H-Celebration: Current Affairs Discourse
Our call for ideas is open to all and we would love to hear your ideas about the Haka, a traditional and diverse Maori dance performed in sports, weddings, ceremonies, celebrations and other public occasions.
Topic: ‘The Christchurch Massacre’
The H-Celebration network is deeply saddened by these tragic events and our thoughts and prayers go out to the families and friends in their time of sorrow and loss.
We would like to hear your views on the Haka performance as a response to and in the aftermath of the tragic ‘Christchurch Massacre.’ You can start a scholarly discussion, write a report, personal scholarly narrative or a review. Please note that all writing must inform celebration, festivals, leisure, or some aspect of customary ceremonies, ritual experiences and celebrations.
Tell us what you think about the Māori’s ceremonial Haka performance and how it responds to diverse experiences in the case of the ‘Christchurch Massacre.’ Thus, you could examine how the Māori are creating diverse perspectives and trajectories for the ceremonial Haka that is based on their embodied knowledge of ceremonies and celebrations. You could further demonstrate that the ceremonial performance can be expressed in different ways highlighting the importance of an occasion.
You could also explore the Māori’s ceremonial Haka and how it relates to Bourdieu’s notion of habitus (1977, 1990) and, in particular, how the Māori’s embody the Haka and what it means to them. Thus, you could focus on the body as a site for the production of tacit knowledge - particularly, how life experiences can trigger embedded embodied knowledge.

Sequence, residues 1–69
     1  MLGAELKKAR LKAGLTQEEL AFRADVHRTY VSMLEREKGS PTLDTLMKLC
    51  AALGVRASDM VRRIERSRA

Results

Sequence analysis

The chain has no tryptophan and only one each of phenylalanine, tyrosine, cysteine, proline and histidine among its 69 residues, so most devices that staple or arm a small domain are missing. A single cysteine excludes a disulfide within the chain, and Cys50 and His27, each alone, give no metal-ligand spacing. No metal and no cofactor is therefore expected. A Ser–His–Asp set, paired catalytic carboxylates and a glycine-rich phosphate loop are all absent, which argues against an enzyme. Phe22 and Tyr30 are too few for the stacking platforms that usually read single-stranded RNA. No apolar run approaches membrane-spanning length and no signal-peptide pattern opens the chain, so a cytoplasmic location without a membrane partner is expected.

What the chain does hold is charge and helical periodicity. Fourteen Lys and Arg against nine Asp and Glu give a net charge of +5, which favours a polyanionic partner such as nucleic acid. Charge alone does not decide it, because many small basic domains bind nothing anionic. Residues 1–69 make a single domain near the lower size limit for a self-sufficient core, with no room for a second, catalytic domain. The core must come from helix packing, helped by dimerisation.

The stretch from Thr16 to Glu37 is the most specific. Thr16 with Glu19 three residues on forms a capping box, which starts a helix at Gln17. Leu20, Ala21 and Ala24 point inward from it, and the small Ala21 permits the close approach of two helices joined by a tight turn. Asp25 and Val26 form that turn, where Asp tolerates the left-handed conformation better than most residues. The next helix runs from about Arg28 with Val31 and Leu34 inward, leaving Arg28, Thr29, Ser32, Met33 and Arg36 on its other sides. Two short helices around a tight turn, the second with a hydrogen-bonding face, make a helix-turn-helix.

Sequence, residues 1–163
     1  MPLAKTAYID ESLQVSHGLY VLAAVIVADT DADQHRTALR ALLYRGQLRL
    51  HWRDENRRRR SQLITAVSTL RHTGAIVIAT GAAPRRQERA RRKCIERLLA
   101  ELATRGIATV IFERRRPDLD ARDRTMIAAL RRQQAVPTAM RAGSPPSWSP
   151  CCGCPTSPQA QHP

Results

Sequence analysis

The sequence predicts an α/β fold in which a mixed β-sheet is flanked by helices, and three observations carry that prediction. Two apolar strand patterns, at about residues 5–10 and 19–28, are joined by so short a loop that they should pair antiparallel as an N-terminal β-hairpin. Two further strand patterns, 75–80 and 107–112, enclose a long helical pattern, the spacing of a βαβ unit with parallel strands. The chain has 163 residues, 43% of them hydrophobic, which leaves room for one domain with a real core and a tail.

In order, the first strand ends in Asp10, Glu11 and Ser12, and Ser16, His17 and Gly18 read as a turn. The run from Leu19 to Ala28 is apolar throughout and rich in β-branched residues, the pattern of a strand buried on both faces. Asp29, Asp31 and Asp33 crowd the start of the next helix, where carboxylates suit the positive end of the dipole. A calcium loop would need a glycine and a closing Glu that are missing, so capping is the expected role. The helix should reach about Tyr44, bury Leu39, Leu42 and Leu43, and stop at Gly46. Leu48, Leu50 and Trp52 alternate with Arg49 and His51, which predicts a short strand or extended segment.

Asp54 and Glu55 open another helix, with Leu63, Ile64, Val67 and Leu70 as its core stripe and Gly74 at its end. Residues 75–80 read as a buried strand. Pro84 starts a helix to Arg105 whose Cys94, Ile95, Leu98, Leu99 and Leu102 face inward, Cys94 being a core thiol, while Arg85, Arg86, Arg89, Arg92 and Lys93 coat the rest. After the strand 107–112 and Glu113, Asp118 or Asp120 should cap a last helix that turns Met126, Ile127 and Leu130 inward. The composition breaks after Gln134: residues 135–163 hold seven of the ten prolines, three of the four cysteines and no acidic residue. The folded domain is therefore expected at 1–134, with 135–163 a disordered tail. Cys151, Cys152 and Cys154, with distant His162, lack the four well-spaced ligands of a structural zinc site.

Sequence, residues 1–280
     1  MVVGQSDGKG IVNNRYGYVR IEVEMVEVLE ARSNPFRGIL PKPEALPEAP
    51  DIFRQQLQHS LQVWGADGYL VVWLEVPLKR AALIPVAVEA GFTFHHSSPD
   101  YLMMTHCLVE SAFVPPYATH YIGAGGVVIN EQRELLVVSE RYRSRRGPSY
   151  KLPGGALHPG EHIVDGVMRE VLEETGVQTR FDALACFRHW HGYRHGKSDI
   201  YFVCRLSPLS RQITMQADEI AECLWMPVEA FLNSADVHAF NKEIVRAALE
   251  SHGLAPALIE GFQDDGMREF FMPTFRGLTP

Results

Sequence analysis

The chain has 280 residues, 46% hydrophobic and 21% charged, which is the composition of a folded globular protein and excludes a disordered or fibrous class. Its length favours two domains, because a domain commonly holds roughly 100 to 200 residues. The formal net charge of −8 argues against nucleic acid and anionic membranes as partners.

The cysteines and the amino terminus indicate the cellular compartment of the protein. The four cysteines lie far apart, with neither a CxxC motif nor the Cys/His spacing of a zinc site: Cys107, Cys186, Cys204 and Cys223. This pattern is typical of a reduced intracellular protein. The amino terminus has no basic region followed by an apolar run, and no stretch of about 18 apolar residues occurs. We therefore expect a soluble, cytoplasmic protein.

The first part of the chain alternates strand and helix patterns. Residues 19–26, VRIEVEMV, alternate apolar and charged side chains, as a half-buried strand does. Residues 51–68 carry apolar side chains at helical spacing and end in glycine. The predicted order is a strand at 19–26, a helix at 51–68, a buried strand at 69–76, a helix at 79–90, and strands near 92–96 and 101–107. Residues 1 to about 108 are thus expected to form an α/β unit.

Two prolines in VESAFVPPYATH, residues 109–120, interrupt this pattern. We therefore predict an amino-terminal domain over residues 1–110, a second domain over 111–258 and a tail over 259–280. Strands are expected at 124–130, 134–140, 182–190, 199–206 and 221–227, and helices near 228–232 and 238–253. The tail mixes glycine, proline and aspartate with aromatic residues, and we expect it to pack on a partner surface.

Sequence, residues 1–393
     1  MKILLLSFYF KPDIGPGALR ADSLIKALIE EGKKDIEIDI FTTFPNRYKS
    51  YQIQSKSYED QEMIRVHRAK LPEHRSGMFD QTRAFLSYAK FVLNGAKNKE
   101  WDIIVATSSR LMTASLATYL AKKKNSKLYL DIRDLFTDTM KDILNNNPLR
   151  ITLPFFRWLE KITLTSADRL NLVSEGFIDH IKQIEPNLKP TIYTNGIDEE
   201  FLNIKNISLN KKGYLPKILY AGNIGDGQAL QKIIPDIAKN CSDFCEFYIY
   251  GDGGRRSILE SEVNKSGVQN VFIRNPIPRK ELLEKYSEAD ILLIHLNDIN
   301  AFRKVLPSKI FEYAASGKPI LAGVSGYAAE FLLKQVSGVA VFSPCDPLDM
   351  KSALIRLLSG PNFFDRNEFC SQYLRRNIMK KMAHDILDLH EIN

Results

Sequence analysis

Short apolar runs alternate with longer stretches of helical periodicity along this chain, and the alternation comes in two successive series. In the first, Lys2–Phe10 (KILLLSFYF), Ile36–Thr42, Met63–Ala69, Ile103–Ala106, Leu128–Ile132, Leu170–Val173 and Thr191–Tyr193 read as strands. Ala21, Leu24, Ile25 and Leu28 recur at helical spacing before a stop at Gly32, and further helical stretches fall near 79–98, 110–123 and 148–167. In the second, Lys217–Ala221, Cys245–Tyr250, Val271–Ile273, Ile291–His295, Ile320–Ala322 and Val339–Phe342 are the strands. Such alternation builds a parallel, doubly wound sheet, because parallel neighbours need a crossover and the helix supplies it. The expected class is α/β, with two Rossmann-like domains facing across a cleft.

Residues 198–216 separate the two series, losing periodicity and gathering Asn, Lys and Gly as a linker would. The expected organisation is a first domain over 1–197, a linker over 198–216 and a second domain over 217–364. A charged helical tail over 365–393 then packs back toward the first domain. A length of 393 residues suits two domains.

All content should address and inform celebration, festival and leisure studies, as this not only coincides with the Journal of Festive Studies which seeks to focus on “festivities, including but not limited to holiday celebrations, family rituals, carnivals, religious feasts, processions and parades, and civic commemorations" but it also chimes with the main aim of the H-Celebration network that brings "together far-flung fields of celebration, festive, and leisure studies." At H-Celebration we aim to think along these lines:
(1) how we develop consistency in our content that informs celebration, festival and leisure studies.
(2) we focus on the nature, relevance, context and appropriateness of content on our network.
Working along these lines is important to us to gain and maintain subscribers and keeping their interests by examining new and little-known perspectives. In addition, working within the margins of celebration, festival and leisure help us to remain focused in order to develop our area of interest.